Friday, December 2, 2011

Coshocton Tribune Interview

Coshocton Natives Find Common Ground with Writing ...
7:21 AM, Dec. 1, 2011

Coshocton Tribune
Coshocton, Ohio 43812

Written by
Leonard Hayhurst
Staff Writer

COSHOCTON -- Two childhood friends from Coshocton now are sharing their lives and their literary talents with the world.

Coshocton natives Catherine Parrish, who writes as C.J. Heck, and Robert Cosmar got reacquainted two years ago during a multi-class reunion for graduates of Coshocton High School that Cosmar organized. Although they were two years apart in school, they said they can't really remember talking or seeing each other since they were young kids, almost 50 years before.

"We were often thrown together as a group of kids," Parrish said. "(Cosmar) said he didn't remember me at all in high school, although I'm sure we passed in the halls, but he said 'my last memory of you as a child is you sitting beside me in the back seat of my parents' car. I was about 9 years old, and you were about 11. I remember looking over and seeing those blues eyes and thinking 'oh my God, it's a girl.'" He said he never forgot those blues eyes.

Parrish received an email from Cosmar sent by another classmate about the reunion and from there, they began writing back and forth. A rekindled friendship flamed into love, and Cosmar eventually moved from Coshocton to be with Parrish in DuBois, Pa.

"We're motivating and stimulating each other to grow and more fully express who we are," Cosmar said. "We do what we love to do, which is basically write and share stories."

Cosmar knew Parrish was a children's author, and the two often would talk about writing and literature. Shortly after getting together, Cosmar mentioned he had written three short unpublished stories about 20 years ago. Parrish said she asked to read them and was impressed immediately by their quality.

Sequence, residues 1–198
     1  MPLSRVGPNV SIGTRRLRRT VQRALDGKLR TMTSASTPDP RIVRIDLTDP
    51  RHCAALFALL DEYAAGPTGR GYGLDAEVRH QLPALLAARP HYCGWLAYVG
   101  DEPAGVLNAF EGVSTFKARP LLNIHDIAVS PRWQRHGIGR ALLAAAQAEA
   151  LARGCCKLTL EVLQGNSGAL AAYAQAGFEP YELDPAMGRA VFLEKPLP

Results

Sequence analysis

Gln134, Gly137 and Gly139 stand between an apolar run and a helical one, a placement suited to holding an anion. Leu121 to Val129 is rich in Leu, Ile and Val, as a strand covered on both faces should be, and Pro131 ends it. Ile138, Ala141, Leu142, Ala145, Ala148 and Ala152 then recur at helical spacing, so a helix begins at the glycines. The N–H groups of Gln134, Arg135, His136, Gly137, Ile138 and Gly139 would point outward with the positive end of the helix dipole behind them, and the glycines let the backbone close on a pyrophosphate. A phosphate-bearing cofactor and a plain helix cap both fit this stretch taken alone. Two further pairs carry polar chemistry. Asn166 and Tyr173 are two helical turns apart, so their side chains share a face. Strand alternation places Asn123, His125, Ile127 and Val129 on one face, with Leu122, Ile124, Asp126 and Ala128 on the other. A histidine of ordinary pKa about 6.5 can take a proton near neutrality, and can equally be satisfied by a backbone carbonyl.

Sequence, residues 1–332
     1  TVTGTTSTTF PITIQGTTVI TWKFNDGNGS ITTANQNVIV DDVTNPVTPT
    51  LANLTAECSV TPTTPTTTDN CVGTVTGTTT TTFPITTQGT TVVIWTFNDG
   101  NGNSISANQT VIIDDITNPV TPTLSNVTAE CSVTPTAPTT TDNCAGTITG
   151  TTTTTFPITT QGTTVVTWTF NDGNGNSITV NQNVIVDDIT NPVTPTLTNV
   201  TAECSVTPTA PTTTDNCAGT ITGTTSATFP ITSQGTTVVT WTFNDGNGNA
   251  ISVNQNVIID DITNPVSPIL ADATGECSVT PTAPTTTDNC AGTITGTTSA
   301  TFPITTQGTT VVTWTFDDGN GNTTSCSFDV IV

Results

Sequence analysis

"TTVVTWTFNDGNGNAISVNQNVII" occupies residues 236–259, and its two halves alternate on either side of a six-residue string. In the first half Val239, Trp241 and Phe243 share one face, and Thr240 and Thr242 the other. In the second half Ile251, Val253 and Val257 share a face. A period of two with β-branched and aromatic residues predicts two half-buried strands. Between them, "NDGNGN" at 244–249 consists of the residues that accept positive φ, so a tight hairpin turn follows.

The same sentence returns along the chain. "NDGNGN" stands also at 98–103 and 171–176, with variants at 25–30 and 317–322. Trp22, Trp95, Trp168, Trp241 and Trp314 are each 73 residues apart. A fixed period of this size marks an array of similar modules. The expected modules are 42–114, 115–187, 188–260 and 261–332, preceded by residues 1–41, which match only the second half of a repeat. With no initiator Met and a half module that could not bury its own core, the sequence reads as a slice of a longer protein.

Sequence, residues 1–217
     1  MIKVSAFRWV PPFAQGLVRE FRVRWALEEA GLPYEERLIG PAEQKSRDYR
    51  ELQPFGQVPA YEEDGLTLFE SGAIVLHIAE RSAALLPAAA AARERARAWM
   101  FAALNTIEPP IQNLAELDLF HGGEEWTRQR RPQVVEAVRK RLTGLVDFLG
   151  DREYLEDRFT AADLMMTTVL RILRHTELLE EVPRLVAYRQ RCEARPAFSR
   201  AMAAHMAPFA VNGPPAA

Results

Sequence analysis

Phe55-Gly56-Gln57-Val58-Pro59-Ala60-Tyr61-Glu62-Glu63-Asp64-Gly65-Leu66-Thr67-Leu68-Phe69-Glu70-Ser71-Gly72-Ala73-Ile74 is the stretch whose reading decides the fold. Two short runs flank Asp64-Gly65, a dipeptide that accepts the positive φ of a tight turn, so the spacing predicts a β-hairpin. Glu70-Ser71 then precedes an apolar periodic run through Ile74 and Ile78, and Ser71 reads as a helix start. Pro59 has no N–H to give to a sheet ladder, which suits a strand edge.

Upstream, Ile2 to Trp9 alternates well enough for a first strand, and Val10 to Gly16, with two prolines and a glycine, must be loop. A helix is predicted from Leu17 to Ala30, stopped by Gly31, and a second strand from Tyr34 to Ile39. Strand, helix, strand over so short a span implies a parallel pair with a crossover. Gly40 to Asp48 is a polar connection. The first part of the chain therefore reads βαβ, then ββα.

"I demanded, 'Why haven't you published these? They're wonderful!' He answered, 'Who'd want to read those? They're so old,'" Parrish recalled.

Parrish offered encouragement and editing, which resulted in Cosmar publishing his first book, "Trilogy of Awareness" in September, 2011.

Cosmar describes the book as one meant to inspire imaginations. One story deals with a banished alien prince; another tells of a middle-aged man, lost in life, who is whisked to a parallel dimension, and the final tale is about the ghost of Jimi Hendrix aiding young guitarists at a music camp near Woodstock.

"My stories are allegories. On one level, they're like your 'Twilight Zone,' Rod Serling-type stories. They present a platform that's very obvious and understandable that applies to life in general, maybe your situation or someone else's situation, but somewhere in it, it takes you to a place of awareness and that's why it's called 'Trilogy of Awareness,'" he said.

Parrish has published four books since 2000, the most recent being a collection of short stories and flash fiction entitled "Bits and Pieces from a Writer's Soul" and "Me Too! Preschool Poetry," both in September. Her newest book "Barking Spiders 2," a sequel to her "Barking Spiders and Other Such Stuff (2000)," has been nominated for the 2011 Cybils Children's Book Award in the poetry category.

Parrish said much of what she writes about comes from her children or from her childhood in Coshocton. Although she can't remember her teacher's name, Parrish never will forget how a fourth-grade teacher at Washington Elementary School encouraged her to write poetry as part of the class. She said she and Cosmar still have friends and family in the Coshocton area and visit often.

"We had such a wonderful childhood living (in Coshocton)," Parrish said. "We could go anywhere. It's not like today where (parents) are afraid to let their kids go out alone. I remember walking down Main Street up to Elm Street by the hospital and (Cosmar) remembers the same thing. We'd play outside until dark, and nobody worried about us. We loved Coshocton growing up. It's such a wonderful, wonderful town."; (740) 295-3417

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